Let’s not be surprised about sexual abuse of men. We were similarly ignorant and in denial about the sexual abuse of girls twenty years ago and now we have moved on and it’s a little easier to talk about and respond properly to people who are struggling with those experiences. We need to move on and see that this happens to boys and men too and creates some very different issues for male survivors. Most people who have been sexually abused in childhood never disclose this and carry it as a shameful and damaging secret. We all need to be more open to the fact of male abuse and our openness can make it easier for boys and men to speak out instead of suffering in silent shame and secrecy.

What’s your favourite thing about Manchester?

Manchester is my adopted home. I have been here for more than 25 years and I chose it or it chose me. It’s a cliché, I know, but I love its diversity and grittiness. I love the fact that it’s more than big enough for any one person; all the culture, sports, urban development and incomparable countryside, but small enough to get to know well. It’s now where I’m from.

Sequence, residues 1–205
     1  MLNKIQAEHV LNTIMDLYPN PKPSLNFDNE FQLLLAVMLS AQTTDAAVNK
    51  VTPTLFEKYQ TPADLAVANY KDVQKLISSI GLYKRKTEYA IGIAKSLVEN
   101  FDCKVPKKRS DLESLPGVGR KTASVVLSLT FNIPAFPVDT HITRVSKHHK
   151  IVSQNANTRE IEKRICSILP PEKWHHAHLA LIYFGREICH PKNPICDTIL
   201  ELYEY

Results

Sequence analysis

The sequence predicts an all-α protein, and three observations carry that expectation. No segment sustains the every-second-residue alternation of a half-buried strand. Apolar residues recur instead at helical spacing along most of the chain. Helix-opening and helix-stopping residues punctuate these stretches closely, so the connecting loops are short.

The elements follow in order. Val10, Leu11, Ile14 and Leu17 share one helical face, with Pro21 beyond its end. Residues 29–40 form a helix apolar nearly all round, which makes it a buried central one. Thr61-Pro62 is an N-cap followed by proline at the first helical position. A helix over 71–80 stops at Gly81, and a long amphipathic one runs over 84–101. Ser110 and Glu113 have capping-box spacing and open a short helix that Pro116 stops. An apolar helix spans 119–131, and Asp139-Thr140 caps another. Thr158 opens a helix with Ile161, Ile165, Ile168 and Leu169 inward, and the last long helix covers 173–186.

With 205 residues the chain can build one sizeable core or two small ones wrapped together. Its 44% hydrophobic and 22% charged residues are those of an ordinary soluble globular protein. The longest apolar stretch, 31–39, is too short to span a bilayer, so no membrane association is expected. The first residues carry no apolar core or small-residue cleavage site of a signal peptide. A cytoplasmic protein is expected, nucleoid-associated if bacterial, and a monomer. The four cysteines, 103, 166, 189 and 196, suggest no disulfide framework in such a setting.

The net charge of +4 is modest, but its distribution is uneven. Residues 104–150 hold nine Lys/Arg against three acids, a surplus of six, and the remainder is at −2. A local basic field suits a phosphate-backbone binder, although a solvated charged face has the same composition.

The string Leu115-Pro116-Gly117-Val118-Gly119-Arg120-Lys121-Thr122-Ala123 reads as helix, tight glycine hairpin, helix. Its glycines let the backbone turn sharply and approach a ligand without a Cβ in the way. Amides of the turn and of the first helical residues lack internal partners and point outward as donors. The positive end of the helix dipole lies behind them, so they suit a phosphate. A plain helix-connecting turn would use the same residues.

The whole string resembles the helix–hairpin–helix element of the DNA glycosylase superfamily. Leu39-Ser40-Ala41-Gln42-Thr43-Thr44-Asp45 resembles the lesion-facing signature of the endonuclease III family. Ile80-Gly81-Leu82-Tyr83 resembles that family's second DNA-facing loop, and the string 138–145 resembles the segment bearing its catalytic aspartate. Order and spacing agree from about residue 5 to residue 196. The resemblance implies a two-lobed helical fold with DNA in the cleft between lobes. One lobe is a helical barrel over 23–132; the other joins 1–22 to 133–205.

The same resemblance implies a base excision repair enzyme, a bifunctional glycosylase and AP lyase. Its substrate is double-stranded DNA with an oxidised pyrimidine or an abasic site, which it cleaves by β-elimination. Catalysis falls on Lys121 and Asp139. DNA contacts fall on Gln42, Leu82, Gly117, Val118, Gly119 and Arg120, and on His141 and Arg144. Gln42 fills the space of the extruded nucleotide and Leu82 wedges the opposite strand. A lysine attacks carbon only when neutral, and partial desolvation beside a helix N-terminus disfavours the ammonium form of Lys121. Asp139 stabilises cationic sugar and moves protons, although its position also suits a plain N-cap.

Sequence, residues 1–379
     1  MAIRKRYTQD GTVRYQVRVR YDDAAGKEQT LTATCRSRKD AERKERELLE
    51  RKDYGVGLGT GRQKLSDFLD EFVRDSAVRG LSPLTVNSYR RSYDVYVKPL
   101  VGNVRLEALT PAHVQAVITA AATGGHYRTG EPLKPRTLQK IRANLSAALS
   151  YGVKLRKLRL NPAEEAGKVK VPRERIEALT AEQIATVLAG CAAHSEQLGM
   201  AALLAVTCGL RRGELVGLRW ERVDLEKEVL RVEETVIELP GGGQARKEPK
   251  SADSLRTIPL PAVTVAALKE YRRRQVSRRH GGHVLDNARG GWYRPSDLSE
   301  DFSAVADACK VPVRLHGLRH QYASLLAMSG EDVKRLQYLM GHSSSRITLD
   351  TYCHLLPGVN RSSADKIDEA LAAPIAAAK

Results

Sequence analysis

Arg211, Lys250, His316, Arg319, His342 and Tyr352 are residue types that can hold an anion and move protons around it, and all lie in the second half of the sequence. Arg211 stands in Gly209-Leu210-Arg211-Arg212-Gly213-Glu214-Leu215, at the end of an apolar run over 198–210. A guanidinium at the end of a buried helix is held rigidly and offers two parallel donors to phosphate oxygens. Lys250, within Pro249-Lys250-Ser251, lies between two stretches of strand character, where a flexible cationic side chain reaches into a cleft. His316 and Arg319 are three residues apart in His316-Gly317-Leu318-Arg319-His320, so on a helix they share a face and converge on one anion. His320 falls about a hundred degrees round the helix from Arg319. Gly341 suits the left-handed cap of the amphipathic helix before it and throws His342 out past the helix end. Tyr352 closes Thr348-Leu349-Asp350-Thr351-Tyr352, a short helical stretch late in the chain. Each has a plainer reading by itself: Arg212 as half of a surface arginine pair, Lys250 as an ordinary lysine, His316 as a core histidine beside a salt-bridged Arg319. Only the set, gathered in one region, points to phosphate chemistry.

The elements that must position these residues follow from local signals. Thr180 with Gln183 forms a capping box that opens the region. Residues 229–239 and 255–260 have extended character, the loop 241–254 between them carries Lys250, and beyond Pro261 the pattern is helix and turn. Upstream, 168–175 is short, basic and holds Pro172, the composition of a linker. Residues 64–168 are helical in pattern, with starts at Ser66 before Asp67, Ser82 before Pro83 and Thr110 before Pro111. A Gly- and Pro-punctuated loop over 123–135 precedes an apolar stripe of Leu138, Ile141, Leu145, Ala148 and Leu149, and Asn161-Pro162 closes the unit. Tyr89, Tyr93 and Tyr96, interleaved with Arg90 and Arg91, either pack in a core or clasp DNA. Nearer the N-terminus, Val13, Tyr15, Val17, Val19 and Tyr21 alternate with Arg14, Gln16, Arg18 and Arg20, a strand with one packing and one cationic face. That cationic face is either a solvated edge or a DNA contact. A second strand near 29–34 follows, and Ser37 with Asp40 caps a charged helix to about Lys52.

Managing Partner: WorkSavvy Ltd

Tim is a self employed Business Consultant specialising in the design, management and implementation of solutions that typically involve change and innovation for both large and small organisations. For many years, Tim has been honoured to work with industry leaders in various market verticals, primarily retail, but also Banking, Hospitality, Health Services, Transport and Public Sector clients.

Tim’s work has work has positively impacted departments such as Operations, HR, IT, Logistics, Finance, Contact Centres, Marketing and Sales.

After going to Uni as a mature student, Tim was employed in the software industry and this is still his primary work focus.

Tim is also a father to two amazing kids who he states makes him smile every single day and outside of work he is an actor, singer, compere and struggling musician.